Michigan is home to some of the most aggressive Chapter 7 Trustees in the nation, and they have figured out several clever ways of getting their hands on debtors’ tax refunds.  Although the law entitles most people to keep some or all of their tax refund, that protection is not automatic.  In order to keep your tax refunds in Chapter 7, your lawyer needs to file the proper documents with the court.  A good bankruptcy lawyer can help you get rid of your debt AND keep your tax refund.

Fast bankruptcy and tax facts:

  • The average Federal Tax Refund in Michigan in 2011 was almost $2,600.00.
  • The highest personal tax refund I protected in a bankruptcy case was almost $9,000.  It was the case of a single mother with three children.  She got to keep all of it.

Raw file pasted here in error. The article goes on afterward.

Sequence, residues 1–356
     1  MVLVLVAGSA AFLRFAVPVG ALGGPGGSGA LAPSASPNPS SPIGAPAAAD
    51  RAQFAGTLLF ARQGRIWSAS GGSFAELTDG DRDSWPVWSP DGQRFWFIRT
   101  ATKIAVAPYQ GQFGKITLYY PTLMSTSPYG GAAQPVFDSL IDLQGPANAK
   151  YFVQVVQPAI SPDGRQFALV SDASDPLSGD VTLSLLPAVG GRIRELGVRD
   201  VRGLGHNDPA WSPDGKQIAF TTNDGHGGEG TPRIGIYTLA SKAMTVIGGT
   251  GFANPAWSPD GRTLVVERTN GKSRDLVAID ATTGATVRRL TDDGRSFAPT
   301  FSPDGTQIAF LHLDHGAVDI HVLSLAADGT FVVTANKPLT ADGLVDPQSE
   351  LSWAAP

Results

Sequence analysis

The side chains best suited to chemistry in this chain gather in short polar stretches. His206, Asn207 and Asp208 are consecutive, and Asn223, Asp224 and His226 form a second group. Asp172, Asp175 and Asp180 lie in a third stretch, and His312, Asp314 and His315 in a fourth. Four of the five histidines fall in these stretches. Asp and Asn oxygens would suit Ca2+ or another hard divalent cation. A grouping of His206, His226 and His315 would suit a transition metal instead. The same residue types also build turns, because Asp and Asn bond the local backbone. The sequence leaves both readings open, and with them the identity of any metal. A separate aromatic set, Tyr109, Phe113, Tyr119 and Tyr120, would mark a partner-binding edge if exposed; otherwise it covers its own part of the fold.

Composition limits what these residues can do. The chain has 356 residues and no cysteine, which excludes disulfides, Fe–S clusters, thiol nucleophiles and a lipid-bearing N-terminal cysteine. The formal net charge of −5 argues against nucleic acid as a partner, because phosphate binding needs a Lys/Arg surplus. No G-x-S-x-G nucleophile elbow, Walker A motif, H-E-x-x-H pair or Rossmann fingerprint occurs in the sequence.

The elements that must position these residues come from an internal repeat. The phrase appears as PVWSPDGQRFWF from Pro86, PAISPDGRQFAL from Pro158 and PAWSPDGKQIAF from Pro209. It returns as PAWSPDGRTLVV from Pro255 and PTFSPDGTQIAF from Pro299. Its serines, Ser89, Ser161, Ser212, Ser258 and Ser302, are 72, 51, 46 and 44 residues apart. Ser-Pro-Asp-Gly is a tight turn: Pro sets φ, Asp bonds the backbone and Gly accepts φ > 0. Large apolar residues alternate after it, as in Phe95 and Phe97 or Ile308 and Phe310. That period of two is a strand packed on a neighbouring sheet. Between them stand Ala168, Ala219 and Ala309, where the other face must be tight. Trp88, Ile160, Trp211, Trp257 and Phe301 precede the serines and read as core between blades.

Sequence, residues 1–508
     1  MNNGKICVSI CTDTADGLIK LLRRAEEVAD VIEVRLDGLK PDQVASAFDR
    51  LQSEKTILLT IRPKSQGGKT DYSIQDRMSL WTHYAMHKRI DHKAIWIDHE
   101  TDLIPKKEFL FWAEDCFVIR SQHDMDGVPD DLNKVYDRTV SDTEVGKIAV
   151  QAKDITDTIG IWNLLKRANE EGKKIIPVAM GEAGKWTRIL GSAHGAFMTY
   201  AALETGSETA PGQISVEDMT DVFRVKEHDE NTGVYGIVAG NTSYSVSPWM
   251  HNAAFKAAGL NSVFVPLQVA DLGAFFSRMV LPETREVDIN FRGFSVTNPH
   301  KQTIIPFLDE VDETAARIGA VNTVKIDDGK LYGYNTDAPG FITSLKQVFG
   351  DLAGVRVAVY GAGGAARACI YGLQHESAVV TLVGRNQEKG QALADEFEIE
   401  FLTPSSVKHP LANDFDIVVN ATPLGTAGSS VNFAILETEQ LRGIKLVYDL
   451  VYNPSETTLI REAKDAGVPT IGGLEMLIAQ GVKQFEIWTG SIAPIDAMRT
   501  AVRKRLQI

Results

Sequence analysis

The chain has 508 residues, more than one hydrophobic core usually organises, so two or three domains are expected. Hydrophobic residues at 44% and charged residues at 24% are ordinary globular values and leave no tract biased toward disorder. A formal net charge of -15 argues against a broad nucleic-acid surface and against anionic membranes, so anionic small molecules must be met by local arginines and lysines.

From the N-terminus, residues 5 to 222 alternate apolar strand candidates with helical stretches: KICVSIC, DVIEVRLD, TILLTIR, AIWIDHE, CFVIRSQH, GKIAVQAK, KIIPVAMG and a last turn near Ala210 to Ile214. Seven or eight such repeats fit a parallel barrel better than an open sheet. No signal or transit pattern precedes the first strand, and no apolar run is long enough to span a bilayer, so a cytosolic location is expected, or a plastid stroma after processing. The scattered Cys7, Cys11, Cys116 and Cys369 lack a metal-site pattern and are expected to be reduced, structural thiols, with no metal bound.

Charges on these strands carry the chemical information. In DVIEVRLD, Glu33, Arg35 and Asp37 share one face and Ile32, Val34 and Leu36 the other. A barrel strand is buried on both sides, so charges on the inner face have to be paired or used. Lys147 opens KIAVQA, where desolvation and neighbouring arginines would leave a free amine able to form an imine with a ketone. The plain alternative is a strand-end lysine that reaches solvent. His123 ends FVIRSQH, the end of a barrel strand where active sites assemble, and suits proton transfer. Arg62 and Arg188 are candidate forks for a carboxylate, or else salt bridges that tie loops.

• If your lawyer doesn’t know how to protect it, the Chapter 7 Trustee may be able to take next year’s tax refund, too!
  • The IRS can actually tax you for debts settled for less than the full amount!  But…
  • …Debt discharged in a Chapter 7 bankruptcy CANNOT be treated as discharge of debt income, meaning you won’t have to pay taxes on it!

Chris McAvoy is a Michigan attorney who helps people with bankruptcy, family law, and estate planning. To find out more or set up an appointment, click here for contact info. Our attorneys help people in Taylor, Allen Park, Southgate, Lincoln Park, Riverview, Taylor,  Trenton, Flat Rock, Wyandotte, Brownstown, Belleville, Dearborn, Dearborn Heights, Westland, Garden City, Canton and the Downriver, Michigan area.